Wednesday, 14 November 2012

Feature Artist- Jackie Grisley Step by step demo

Our Feature Artist for this month has very kindly completed a step by step demo of her latest painting for us. Thank you Jackie

 
JACKIE GRISLEY SWA-demonstration

I am currently exhibiting with a selected Members SWA show at Picturecraft Gallery in Norfolk. As I was painting for the show I thought it might be of interest for my blog to take pics at significant stages.

CASTLE RUINS
Pic 1 - I’ve completed a simple outline drawing
Pic 2 - to preserve my whites I have masked off with tape and fluid.

Pic 3 - my paint mix using naples yellow, French ultramarine blue, davy’s grey, burnt sienna, perylene violet and ultramarine violet.

Pic 4 - the sky is done. First I wet the paper and used naples yellow, then a very watered down French ultramarine blue to the lower parts which is hardly noticeable but granulated nicely. I mixed naples yellow and davys grey for around the castle and then added a tiny amount of burnt sienna to that mix. Then I strengthened the grey with perylene violet and ultramarine violet, got that down and then added French Ultramarine blue to darken that mix a little more and over painted once more, always leaving some of the original colours exposed. Then I left it to dry. I got a small run back to the right of the castle – I quite liked the way that happened.

Pic 5 - the distant mountains go in

Pic 6 – masking tape peeled away, ready now to put some detail in

Pic 7 – the castle is done

Pic 8 – the loch water goes in leaving pale areas where the light from the sky breaks over the water

Pic 9 – a closer look at the castle

Pic 10 – the painting is dry

Pic 11 – the outer masking tape is now peeled off

Pic 12 – The finished painting- CASTLE RUINS. I wanted this painting to have some tranquillity.
Actually I’ve just noticed the sky, unintentionally, looks like a flying dragon hissing fire! 

 

16 comments:

Tony Cook said...

Brilliant! Thank you, Jackie. The dragon hovering over the castle is pure serendipity. Could it be a Welsh dragon breathing fire over one of the English castles in Wales from Edward I's reign? (My favourite is Rhuddlan which looms over my brother's cottage in that village).

What size is the painting? I would assume you frame it with a pretty large expanse of white mat?

Fiona Evans said...

It was great to see how you did this step-by-step. Thank you Jackie for sharing it with us. Absolutely beautiful sky!

Fiona Evans

Jackie said...

Hi Tony-thankyou!I love North Wales and have travelled around Pembrokeshire quite a bit. My painting is of Castle Stalker on the west coast of Scotland, just up from Oban. The 'dragon' in the sky is purely unintended, but seemed apt when I noticed it, and looks to somehow be protecting the castle.
The size of this painting is 250mm H x 500mm W. I use a cream coloured double mount which is about 80mm top and sides with about 100mm for the base. Because I mask off the edges of my paintings I like to leave a gap of white paper (about 7mm) between the painting and mount. My frames are usually satin black with a gold inlay, which I feel seems to suit my paintings, although frames can cause endless debates between galleries and artist! It's what I like anyway. Thanks for your interest Tony - Jackie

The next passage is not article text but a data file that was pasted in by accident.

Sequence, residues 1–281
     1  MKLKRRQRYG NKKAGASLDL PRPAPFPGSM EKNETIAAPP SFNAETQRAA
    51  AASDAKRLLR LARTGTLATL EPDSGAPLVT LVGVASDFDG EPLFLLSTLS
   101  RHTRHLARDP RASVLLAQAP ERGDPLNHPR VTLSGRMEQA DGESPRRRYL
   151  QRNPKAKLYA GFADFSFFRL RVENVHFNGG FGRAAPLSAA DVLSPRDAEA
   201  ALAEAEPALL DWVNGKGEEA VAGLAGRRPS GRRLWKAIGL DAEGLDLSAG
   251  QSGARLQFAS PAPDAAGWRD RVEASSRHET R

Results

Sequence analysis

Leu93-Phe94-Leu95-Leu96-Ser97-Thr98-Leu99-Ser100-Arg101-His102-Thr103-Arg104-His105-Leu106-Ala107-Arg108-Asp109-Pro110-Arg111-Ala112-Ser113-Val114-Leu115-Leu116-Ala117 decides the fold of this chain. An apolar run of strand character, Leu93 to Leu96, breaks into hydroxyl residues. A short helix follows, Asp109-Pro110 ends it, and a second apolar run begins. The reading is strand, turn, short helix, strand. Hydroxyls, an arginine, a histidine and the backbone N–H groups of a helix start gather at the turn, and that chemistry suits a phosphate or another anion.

Jackie said...

Thankyou Fiona, I appreciate your kind comments-Jackie

Rebecca said...

Brilliant Step by Step! I love how the dragon accidentally appeared! Your right, it's very suiting to the mood of the painting.

Jackie said...

Thanks Rebecca, glad you enjoyed it! Jackie

Anonymous said...

Thank you for your very comprehensive demonstration, love it, esp. the dragon.
I wonder if the dragon was dragin' around when castle was built? How old is it?
I was in England this summer and visited Castleton in Derbyshire. Peveril Castle was built in 1086 for the son of Wm. the Conqueror. UK is rich in castles, now preserved by the National Trust.
Patricia D.

Jackie said...

Hi Patricia, thanks for your comments. Scotland has so many castles, and Stalker is in such a picturesque setting it's not easy to ignore for a painter. I think it's quite medieval, built in
1400's possibly, amazing to think it still stands especially with the wild weather Scotland has. The National Trust do a fantastic job here in preserving important historical buildings that would otherwise crumble to the ground, but I believe this castle is privately owned. thanks for your interest, Jackie

Anonymous said...

Hi Jackie
I find your work very inspiring and really appreciate you taking the time to share your demonstration with us and be our featured artist.
Thank you,
Petra

Jackie said...

Hi Petra, it's lovely to think as artists we can inspire each other, and I appreciate you saying you find mine inspiring. I also feel honoured to be asked to do this blog. Thanks Jackie

Anonymous said...

lovely to see the painting develop before our eyes

Thankyou

Jean

Jackie said...

Hi Jean, thanks, I'm pleased you enjoyed it and took the trouble to tell me. Jackie

Anonymous said...

Thank you for the demo. I loved watching you build up the painting.

Sally

Jackie said...

Thankyou Sally I'm very pleased you enjoyed it and glad you let me know. Jackie

Ona Kingdon said...

Thank you for being our featured artist for November. I know our members have really enjoyed finding out more about your work.

Ona

Jackie said...

I've really enjoyed it Ona, thankyou once again for inviting me and glad to hear your members have enjoyed it too. My best wishes and happy painting, Jackie